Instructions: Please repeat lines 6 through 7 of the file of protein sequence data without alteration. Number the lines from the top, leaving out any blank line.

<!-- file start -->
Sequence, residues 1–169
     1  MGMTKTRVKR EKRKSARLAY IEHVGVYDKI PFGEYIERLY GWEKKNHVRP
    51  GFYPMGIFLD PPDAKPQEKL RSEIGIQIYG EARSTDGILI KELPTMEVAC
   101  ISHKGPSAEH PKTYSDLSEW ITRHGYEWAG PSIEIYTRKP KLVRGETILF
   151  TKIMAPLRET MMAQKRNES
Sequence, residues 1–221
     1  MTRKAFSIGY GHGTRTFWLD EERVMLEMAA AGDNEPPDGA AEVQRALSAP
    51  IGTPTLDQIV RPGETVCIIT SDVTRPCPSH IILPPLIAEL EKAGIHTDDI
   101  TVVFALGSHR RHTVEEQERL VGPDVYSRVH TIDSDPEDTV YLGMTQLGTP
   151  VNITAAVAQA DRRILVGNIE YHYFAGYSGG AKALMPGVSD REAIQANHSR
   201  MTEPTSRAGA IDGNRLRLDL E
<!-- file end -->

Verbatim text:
Sequence, residues 1–221
     1  MTRKAFSIGY GHGTRTFWLD EERVMLEMAA AGDNEPPDGA AEVQRALSAP